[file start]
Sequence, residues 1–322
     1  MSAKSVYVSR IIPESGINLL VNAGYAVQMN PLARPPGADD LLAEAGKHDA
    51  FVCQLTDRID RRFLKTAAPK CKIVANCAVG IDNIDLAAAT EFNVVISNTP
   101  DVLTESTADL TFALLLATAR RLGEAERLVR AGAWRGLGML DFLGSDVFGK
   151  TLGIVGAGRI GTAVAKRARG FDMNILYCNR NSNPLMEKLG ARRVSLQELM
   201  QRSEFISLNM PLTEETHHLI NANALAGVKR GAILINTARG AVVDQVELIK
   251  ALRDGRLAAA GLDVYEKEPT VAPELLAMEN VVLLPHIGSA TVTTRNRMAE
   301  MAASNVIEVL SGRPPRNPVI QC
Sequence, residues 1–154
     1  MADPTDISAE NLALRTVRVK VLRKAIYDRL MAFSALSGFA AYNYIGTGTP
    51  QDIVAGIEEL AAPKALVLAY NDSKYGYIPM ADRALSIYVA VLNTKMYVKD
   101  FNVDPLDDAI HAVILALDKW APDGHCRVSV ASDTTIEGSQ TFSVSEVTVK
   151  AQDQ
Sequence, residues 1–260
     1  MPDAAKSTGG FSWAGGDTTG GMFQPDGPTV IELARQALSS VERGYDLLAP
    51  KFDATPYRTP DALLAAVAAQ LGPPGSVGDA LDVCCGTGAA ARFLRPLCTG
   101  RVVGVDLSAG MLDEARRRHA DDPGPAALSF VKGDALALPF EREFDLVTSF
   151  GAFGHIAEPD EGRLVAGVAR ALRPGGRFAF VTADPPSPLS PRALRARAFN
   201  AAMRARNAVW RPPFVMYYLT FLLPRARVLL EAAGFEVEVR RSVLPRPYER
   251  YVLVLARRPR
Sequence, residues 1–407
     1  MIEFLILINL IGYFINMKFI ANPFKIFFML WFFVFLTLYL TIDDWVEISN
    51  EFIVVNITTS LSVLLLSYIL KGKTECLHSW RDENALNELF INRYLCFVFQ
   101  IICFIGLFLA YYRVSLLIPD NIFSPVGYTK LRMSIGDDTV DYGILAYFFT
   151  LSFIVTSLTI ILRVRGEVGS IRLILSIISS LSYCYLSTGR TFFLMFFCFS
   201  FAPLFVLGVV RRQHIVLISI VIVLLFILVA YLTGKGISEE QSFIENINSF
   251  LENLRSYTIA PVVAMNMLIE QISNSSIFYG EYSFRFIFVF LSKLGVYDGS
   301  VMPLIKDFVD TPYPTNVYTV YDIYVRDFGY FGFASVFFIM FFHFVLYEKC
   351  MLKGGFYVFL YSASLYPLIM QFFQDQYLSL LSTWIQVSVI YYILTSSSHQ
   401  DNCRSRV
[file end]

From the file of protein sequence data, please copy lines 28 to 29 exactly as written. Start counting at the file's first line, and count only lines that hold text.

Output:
   301  VMPLIKDFVD TPYPTNVYTV YDIYVRDFGY FGFASVFFIM FFHFVLYEKC
   351  MLKGGFYVFL YSASLYPLIM QFFQDQYLSL LSTWIQVSVI YYILTSSSHQ